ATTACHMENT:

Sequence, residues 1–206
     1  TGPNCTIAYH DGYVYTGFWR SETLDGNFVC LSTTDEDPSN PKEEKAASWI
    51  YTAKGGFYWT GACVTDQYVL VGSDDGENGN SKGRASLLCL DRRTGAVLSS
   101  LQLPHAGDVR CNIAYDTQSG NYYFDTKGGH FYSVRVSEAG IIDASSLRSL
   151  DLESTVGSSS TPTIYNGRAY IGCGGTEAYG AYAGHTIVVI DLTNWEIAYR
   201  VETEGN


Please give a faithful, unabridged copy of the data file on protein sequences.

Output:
Sequence, residues 1–206
     1  TGPNCTIAYH DGYVYTGFWR SETLDGNFVC LSTTDEDPSN PKEEKAASWI
    51  YTAKGGFYWT GACVTDQYVL VGSDDGENGN SKGRASLLCL DRRTGAVLSS
   101  LQLPHAGDVR CNIAYDTQSG NYYFDTKGGH FYSVRVSEAG IIDASSLRSL
   151  DLESTVGSSS TPTIYNGRAY IGCGGTEAYG AYAGHTIVVI DLTNWEIAYR
   201  VETEGN